Two studies looked at the impact of dietary changes in people at high-risk of developing colorectal cancer due to the presence of adenomas. The Polyp Prevention Trial followed 2079 patients whose colon had been cleared of polyps. Half were provided with intensive counseling and placed on a low-fat (20% fat calories), high-fiber (18g/1000kcal) diet that also had more fruits and vegetables 3 1/2 servings per 1000 kcal). The control group was simply given standard brochures on healthy eating. All patients then underwent colonoscopy after between 1 and 4 years. The incidence of polyps was virtually identical in the two groups. In the second study, a similar group of 1429 patients were randomly assigned to either a low intake of wheat fiber (2g/day) or a high wheat fiber (13.5g/day) diets. Both groups were then re-examined 3 years later. The recurrence of polyps was 51% and 47% in the two groups, which was not significantly different. The results of these two studies suggest that encouraging middle-aged or older people to eat more fruits, vegetables, whole grains and less fat is not likely to have much of an impact on their risk of developing adenomas and colorectal cancer over the next several years.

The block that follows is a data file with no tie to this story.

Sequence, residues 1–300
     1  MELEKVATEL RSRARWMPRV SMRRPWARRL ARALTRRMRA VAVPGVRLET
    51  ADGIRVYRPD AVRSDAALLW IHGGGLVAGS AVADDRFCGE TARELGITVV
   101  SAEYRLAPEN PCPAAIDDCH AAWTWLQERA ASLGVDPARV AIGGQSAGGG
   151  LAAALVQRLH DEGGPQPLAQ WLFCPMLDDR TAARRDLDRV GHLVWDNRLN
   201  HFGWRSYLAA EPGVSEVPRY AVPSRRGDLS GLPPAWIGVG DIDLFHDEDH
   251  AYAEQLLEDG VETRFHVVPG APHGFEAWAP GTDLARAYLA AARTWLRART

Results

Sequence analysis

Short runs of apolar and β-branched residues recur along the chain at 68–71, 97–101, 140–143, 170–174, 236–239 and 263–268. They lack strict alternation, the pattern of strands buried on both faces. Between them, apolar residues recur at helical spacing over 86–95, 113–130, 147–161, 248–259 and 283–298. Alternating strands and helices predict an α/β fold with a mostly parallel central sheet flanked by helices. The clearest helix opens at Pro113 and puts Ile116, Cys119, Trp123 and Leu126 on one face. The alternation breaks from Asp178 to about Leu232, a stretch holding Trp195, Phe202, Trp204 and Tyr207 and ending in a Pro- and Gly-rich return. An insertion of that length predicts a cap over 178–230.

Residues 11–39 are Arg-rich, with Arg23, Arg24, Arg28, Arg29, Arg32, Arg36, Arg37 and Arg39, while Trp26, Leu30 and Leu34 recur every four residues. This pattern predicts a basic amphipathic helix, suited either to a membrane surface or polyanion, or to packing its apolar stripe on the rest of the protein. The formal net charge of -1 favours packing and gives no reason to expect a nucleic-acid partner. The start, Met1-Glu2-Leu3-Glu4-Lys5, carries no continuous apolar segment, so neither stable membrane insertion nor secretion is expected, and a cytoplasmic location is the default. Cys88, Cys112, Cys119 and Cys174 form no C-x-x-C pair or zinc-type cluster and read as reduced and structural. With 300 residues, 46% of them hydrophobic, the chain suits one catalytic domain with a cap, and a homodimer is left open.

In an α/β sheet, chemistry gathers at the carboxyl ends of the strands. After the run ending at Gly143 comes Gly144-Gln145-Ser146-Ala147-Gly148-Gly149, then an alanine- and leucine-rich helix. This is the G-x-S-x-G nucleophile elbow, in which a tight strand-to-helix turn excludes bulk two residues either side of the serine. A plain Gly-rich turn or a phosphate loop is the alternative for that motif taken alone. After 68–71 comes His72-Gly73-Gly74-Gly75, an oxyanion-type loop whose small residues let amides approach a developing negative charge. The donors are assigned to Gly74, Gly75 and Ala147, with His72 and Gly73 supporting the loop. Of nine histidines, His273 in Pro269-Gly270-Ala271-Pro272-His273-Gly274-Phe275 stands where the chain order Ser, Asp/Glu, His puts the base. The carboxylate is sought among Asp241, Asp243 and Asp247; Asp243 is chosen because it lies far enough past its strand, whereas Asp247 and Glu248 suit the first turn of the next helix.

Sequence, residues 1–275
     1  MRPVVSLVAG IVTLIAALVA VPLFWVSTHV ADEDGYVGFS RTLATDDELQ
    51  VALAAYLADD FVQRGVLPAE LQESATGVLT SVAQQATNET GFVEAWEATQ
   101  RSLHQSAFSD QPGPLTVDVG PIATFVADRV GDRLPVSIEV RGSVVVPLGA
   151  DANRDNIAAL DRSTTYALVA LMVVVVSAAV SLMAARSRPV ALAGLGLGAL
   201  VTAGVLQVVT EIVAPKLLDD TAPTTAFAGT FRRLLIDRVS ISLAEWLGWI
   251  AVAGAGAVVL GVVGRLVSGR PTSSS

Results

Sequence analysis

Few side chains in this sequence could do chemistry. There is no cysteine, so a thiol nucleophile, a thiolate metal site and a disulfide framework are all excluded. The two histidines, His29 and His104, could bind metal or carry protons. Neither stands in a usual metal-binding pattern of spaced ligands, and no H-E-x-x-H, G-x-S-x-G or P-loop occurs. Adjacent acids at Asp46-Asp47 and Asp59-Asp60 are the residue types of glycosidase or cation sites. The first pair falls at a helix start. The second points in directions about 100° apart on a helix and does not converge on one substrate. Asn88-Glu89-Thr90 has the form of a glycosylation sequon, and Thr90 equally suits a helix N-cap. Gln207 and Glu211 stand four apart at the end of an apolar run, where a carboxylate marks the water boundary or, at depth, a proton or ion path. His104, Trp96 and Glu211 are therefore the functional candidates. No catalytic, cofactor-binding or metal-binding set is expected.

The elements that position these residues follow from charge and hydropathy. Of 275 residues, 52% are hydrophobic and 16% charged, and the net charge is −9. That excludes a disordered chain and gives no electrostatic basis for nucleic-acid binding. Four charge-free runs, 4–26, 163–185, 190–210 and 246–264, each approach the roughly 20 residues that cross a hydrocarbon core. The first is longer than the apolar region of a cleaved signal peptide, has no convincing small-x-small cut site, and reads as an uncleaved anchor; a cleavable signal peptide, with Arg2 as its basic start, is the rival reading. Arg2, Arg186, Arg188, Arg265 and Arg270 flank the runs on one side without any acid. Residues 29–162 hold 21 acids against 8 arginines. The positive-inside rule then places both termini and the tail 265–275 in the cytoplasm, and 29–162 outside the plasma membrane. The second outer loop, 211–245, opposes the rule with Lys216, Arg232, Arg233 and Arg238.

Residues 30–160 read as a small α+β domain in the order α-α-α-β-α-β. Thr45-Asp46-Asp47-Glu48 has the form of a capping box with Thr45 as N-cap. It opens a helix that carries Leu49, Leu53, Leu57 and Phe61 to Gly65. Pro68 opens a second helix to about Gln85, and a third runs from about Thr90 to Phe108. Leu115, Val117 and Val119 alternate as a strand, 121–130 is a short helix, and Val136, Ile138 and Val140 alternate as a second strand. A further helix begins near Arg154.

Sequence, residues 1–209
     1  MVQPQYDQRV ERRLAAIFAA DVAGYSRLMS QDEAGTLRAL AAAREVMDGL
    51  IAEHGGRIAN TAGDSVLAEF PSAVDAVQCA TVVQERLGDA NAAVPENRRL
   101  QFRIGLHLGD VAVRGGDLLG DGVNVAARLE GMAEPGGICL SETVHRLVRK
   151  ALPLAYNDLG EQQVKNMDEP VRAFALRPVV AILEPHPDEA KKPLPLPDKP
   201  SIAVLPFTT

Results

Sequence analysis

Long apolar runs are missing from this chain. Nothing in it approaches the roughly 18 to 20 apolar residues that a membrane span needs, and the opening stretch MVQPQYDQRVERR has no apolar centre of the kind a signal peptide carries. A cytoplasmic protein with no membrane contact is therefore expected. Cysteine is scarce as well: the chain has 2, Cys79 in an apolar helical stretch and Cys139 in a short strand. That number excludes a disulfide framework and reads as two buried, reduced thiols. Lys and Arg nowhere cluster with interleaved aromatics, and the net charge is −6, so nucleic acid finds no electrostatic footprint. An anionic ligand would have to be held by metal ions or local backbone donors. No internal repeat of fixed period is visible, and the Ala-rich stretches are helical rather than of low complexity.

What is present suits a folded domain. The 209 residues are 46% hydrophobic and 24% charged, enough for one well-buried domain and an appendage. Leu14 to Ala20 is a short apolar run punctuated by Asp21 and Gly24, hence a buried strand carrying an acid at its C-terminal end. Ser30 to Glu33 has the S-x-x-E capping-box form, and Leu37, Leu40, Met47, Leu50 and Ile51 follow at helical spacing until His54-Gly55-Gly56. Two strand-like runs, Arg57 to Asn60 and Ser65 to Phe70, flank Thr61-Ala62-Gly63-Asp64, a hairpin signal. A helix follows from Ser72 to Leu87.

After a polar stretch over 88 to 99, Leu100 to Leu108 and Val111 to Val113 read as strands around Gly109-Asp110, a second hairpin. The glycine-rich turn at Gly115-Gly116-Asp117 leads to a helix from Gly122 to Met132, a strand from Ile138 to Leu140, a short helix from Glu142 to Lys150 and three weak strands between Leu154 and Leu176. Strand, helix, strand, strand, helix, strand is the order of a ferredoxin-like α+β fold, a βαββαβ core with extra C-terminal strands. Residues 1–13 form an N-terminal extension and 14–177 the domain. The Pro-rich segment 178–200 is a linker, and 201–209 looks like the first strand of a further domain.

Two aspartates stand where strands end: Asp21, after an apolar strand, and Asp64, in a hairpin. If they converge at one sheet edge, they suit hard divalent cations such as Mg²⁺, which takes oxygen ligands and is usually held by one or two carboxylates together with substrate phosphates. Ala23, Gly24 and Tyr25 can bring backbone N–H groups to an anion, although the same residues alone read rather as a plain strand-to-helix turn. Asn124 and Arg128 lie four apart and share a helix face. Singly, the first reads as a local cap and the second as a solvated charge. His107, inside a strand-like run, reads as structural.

So why is the incidence of colorectal cancer only 1/8 as common in India as the U.S.? In India, much of the population is Hindu and cattle are considered sacred. As a result, India has one of the lowest intake of red meat of any country. Indeed, all countries where the intake of colorectal cancer is low also have a low intake of red meats. It is unlikely that it is the saturated fat content of the meat that is promoting colorectal cancer because the Fins eat more saturated fat than all of the highest risk countries (due to a heavy intake of dairy products). Meat contains a substance called creatine. At high temperatures, creatine reacts with amino acids to form heterocyclic aromatic amines, which are potent carcinogens. Sausages and other cured meats are commonly consumed in Germany, Austria, Poland and the Czech Republic. These contain nitrites, which reacts with amino acids to form nitrosamines, another class of cancer-causing chemicals. Indeed, a large epidemiological study found an association between red meat intake and the incidence of colorectal cancer.